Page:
Master thesis in Wollscheid Lab

26.04.2016

Mass Spectrometric Analysis of Hepatitis B Virus X Proteoforms and Interactomes.

We are looking for a master student that has a basic education in molecular biology and proteomics and that would like to contribute to our efforts in analyzing different functional protein variants in the context of hepatitis B virulence using mass spectrometry.

Background

With 350 million chronic carriers and 620000 annual deaths (due to liver cirrhosis and hepatocellular carcinoma) hepatitis B virus (HBV) infections continue to be one of the major public health issues worldwide. The hepatitis B virus X-protein (HBx) is a 154 amino acid protein encoded by the HBX genome, which is known to have significant effects on HBV replication and pathogenesis. Through a direct interaction with host proteins, HBX is capable to promote HBV replication, regulate transcription of host genes and disrupt protein degradation.

Currently it is assumed that protein variants (so called proteoforms) produced by alternative splicing, proteolytic cleavage and post-translational modifications (PTMs) allow for the modulation of biological processes. In mass spectrometry, bottom-up proteomics is primarily used to identify and quantify peptides derived from proteins rather than the proteins themselves. Therefore, identified PTMs are restricted to individual peptides and we lack information about co-occurring modifications on the proteoform level. Top-down proteomics on the other hand is capable of identifying and quantifying single proteoforms (all combinations of PTMs and sequences on a single protein) through the analysis of intact proteins.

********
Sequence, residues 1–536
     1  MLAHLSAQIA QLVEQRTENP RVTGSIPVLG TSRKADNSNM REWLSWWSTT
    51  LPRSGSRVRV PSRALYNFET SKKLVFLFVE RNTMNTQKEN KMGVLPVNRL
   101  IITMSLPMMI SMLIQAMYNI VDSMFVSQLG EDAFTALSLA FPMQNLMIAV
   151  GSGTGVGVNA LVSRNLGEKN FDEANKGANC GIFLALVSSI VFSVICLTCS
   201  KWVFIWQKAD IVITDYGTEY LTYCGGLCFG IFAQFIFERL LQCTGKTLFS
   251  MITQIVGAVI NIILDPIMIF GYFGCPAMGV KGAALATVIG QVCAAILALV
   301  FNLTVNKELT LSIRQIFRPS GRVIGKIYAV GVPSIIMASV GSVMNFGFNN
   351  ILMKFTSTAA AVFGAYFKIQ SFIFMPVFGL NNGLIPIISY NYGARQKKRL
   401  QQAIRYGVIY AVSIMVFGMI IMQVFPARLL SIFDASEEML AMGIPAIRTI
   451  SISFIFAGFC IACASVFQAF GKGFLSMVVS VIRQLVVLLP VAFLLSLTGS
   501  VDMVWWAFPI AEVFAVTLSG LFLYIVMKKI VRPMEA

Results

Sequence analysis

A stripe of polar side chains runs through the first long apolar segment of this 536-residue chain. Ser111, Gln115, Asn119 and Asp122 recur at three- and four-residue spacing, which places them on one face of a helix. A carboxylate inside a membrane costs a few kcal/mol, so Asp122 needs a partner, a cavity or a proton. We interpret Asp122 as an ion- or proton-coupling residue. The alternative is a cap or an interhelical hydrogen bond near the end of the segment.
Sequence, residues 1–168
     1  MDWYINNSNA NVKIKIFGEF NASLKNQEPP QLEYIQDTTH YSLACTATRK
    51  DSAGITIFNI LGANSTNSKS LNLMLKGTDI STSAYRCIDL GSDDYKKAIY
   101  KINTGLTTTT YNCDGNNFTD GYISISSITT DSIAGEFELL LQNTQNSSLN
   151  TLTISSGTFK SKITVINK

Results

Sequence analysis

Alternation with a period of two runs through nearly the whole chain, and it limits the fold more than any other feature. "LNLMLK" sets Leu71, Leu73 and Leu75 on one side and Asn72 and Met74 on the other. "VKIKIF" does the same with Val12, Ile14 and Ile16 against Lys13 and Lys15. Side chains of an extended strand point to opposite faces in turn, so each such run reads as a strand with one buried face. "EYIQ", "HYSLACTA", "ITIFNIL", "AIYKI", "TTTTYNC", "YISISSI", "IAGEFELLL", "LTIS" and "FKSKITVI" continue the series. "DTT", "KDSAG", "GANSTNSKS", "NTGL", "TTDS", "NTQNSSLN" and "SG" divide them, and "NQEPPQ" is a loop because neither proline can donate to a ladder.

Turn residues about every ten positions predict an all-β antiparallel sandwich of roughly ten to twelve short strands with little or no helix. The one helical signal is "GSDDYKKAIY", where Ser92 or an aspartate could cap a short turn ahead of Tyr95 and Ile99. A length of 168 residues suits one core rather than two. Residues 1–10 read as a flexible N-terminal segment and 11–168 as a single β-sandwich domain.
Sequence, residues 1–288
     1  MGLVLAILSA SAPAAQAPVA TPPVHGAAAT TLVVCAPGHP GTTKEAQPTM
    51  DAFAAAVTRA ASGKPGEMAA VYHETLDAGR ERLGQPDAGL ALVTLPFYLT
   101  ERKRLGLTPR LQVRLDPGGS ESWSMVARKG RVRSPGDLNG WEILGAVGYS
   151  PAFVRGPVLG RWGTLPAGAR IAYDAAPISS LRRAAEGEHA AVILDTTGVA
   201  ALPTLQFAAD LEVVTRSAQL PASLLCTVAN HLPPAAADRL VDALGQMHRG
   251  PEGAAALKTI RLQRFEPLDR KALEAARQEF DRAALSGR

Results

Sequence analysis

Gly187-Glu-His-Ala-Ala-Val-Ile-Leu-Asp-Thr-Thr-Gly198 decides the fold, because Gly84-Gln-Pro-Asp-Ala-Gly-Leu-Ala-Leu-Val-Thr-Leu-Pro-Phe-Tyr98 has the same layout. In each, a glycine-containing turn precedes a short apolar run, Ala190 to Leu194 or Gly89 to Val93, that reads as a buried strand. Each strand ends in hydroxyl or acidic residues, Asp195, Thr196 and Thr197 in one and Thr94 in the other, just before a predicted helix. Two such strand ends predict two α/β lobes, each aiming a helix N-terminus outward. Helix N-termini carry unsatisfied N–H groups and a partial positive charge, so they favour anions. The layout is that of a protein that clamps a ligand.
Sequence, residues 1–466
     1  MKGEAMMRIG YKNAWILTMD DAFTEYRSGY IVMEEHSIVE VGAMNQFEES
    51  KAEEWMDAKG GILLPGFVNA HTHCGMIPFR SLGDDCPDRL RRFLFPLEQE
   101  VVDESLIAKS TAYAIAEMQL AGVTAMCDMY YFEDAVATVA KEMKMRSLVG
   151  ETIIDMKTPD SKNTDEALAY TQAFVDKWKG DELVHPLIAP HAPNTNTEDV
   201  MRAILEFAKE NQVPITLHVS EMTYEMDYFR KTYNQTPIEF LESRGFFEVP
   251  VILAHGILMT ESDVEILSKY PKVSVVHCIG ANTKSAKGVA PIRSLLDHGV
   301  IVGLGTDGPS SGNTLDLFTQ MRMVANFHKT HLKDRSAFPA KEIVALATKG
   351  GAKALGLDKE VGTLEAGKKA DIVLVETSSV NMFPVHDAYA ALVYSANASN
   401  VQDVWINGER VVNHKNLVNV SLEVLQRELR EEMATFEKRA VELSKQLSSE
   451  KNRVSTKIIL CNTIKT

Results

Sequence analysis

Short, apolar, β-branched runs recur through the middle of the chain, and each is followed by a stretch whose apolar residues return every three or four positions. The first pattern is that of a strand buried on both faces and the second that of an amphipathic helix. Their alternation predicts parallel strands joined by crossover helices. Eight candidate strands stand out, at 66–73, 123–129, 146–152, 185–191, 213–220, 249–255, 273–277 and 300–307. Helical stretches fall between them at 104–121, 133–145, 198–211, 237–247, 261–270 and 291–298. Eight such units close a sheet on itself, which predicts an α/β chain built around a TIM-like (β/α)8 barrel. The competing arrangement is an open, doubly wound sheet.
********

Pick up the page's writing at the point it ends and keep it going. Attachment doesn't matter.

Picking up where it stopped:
Goal

We want to analyze the modulation capabilities of the hepatitis B virus X-protein (HBX) in the context of HBV virulence. For that purpose we already generated different phosphorylation proteoforms of HBX and stably transfected them in HepRG2 cells.

Your job would be:

(i) to study the interactomes of the different known HBx proteoforms by affinity-purificatio mass spectrometry (AP-MS)

(ii) to develop and establish top-down strategies on a high-end mass spectrometer (Orbitrap Fusion) to identify new functional proteoforms of HBX. We will apply alternative fragmentation methods like electron capture/transfer dissociation (ECD/ETD) to enable an increased sequence coverage and PTM localization confidence on the protein level and employ state-of the art software tool (e.g. ProSight PC).

You will learn:

basic cell culture techniques, protein affinity purification, basic proteomics workflowsmass-spectrometry data handling and analysis. You will also have a chance to present your scientific results and contribute to a research publication.

If you are interested please contact Sandra Goetze () or Emanuela Milani ().

Literature

1. Gerlich, W. H. Medical virology of hepatitis B: how it began and where we are now. Virol. J. 10, 239 (2013).

2. Xie, N., Chen, X., Zhang, T., Liu, B. & Huang, C. Using proteomics to identify the HBx interactome in hepatitis B virus: how can this inform the clinic? Expert Rev. Proteomics 11, 59–74 (2014).

3. Bouchard, M. J. & Schneider, R. J. The enigmatic X gene of hepatitis B virus. J. Virol. 78, 12725–12734 (2004).

4. Smith, L. M., Kelleher, N. L. & Consortium for Top Down Proteomics. Proteoform: a single term describing protein complexity. Nat. Methods 10, 186–187 (2013).

5. Switzar, L., Giera, M. & Niessen, W. M. A. Protein digestion: an overview of the available techniques and recent developments. J. Proteome Res. 12, 1067–1077 (2013).

6. Brunner, A. M. et al. Benchmarking multiple fragmentation methods on an orbitrap fusion for top-down phospho-proteoform characterization. Anal. Chem. 87, 4152–4158 (2015).

7. Chait, B. T. Chemistry. Mass spectrometry: bottom-up or top-down? Science 314, 65–66 (2006).

 
 
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